Tu Cancer es Mi Cancer

You have a friend with cancer, let’s say breast cancer because it seems both more common and less scary than others (just lop it off, right?). It was caught early and it seems like she’s going to be fine, if breastless. She’s not, like, your best friend, so this isn’t a direct hit on your life. But she’s close enough that you can’t dismiss it as another inevitable, anonymous cancer story. You truly care about her. You bring food and offer support and “like” or “cry” or “anger” all her facebook posts. You are not a Bad Person.

But she’s not what you think about at 2am, staring at the ceiling. You think about You. Specifically, You in contrast with her. You start to construct a questionnaire, like those at the doctor’s office that tell you whether you’re an alcoholic. Yours is something like this:

  • Are you older or younger than her?
  • Did she smoke? Do you?
  • Is she nicer than you?
  • Does she drink? A lot? How much less than you?
  • Would you describe her as a “positive person”? Are you?
  • What’s her medical history? How healthy are you?
  • Does she meditate? for how long? Does she seem enlightened? More than You?
  • Does she exercise? What kind?
  • Where did she grow up? Was it on a nuclear test site? Wasn’t there a paint manufacturer around the corner when you were a kid? Was this before they banned lead? Why don’t you ever see those neighbors on facebook!?

And you think you can take all your answers and hers, give them each a number, calculate a cancer score for each of you, and objectively determine whether you are more or less likely to get cancer than she is. Then think of ways to dramatically derail your life so you can beat those odds.

But it’s all bullshit. This is the story we tell ourselves. It’s a lot like our success story, our ideas of the right and wrong things to do to lead us to the desired conclusion. It’s magical thinking, and it’s utterly unhelpful. It saps energy and presence and eats away at you. Of course there are proven behaviors that should reduce risk, but that’s not what this is about. This is about constructing a story against which you can praise or blame yourself and chart your future – a way to give yourself control over something that is essentially out of your control.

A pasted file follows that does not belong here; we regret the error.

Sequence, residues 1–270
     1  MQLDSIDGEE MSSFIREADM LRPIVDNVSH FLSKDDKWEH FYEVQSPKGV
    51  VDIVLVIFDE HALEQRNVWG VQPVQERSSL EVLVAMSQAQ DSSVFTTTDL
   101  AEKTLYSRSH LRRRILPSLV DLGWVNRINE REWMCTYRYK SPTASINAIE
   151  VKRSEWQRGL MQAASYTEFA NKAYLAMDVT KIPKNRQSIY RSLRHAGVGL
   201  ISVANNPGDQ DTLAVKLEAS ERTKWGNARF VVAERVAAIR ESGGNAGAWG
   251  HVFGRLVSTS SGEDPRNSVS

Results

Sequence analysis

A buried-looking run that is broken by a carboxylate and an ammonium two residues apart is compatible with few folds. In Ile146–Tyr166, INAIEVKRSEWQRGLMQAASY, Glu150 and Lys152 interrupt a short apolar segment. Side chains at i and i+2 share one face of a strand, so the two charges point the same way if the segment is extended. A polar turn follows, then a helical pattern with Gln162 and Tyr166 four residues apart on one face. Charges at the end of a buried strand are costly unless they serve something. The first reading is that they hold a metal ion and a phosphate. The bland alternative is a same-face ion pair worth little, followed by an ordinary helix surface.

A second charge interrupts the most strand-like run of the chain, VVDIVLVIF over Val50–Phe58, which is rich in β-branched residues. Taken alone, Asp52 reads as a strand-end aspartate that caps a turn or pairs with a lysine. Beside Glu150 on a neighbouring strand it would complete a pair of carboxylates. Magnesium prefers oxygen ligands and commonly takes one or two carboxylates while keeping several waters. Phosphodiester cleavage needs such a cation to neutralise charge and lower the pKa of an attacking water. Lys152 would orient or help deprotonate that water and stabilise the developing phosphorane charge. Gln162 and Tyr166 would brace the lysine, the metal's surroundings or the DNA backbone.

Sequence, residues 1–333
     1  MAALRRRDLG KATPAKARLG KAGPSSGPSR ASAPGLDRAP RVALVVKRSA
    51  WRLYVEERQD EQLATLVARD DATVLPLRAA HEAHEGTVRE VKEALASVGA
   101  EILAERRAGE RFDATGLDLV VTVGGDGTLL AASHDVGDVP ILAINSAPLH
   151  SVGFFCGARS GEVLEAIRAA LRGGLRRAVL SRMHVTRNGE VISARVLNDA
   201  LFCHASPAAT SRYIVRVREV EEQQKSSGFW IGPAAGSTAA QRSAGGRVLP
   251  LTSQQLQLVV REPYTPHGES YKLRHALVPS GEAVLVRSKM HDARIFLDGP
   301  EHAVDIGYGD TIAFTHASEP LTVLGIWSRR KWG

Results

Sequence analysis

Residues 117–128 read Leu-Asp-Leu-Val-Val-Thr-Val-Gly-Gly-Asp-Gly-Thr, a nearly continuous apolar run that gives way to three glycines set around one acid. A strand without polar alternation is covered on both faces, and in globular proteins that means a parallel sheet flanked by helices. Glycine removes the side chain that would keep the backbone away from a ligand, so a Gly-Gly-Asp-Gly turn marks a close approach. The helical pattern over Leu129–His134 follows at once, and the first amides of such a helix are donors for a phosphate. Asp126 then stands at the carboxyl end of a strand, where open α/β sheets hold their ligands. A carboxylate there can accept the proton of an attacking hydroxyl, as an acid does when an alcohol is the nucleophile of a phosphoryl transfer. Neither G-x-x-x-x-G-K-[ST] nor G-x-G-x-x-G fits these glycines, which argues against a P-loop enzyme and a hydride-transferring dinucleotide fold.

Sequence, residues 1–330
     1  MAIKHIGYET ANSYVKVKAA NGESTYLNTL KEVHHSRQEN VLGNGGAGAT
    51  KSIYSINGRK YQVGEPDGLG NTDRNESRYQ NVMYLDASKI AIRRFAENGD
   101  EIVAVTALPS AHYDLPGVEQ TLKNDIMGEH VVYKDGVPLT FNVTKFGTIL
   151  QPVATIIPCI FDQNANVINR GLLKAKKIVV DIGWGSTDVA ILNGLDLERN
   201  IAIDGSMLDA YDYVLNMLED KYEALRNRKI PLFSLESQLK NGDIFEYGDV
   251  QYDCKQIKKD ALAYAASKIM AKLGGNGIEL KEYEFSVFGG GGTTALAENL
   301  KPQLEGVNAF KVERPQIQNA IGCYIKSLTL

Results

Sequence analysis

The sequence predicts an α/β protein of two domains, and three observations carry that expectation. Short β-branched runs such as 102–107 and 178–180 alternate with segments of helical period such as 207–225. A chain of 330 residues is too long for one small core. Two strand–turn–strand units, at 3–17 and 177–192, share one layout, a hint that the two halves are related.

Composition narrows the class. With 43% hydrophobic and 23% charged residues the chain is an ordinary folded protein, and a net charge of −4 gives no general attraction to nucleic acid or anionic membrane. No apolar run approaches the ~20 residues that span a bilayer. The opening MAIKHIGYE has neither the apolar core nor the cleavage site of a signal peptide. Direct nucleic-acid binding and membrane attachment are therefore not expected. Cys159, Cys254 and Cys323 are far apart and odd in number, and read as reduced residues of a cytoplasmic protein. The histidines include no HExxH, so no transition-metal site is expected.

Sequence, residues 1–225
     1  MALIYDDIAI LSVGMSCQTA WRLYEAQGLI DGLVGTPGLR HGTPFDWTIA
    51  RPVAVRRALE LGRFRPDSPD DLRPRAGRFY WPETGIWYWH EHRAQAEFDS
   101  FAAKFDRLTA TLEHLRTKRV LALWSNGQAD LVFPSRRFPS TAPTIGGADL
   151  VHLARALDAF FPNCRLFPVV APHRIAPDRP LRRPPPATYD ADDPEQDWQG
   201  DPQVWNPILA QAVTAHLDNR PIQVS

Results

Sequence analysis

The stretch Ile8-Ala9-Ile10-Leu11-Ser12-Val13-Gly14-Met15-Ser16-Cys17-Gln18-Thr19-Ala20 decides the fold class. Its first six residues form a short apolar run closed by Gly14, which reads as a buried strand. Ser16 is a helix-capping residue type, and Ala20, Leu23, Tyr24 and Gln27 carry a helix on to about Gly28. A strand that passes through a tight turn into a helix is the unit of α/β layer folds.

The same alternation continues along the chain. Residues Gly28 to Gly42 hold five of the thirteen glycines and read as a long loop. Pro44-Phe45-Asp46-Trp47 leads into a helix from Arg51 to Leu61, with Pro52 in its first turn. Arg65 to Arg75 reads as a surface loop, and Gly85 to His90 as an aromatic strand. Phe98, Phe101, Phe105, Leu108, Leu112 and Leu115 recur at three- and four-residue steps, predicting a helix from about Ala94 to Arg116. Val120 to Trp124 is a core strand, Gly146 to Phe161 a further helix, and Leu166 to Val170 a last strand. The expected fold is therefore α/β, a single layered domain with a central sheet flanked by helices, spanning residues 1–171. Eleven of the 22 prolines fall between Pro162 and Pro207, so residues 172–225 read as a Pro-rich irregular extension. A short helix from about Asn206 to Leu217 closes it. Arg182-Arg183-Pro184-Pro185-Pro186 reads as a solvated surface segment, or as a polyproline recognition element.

Crafted after your scary health diagnosis, this magical storytelling is worse than unhelpful, it’s destructive. Blaming yourself for your affliction is, first, untrue (because there is no free will, folks – your cancer is the product of your genetics, the block you grew up on, the people you’ve known, and the behavior of every atom in the universe which crafted your inevitable journey toward every single thing you’ve ever done); and second, it’s adding insult to injury. Even if you do believe you were responsible, what does that matter now? It helps nothing. The post-diagnosis should be all healing and living and decision making and all that fun shit. When it comes down to it, Your Cancer is not about you and your concept of self. But even more than that, Her Cancer is not About You.

Get off it. Be a friend. Get over yourself. I mean, it’s normal to think this way, but stop now. It’s totally normal to turn your friend’s cancer into your rumination fantasy, right?

There’s no way I’m the first one to do this, right?

Hello? Is this thing on?

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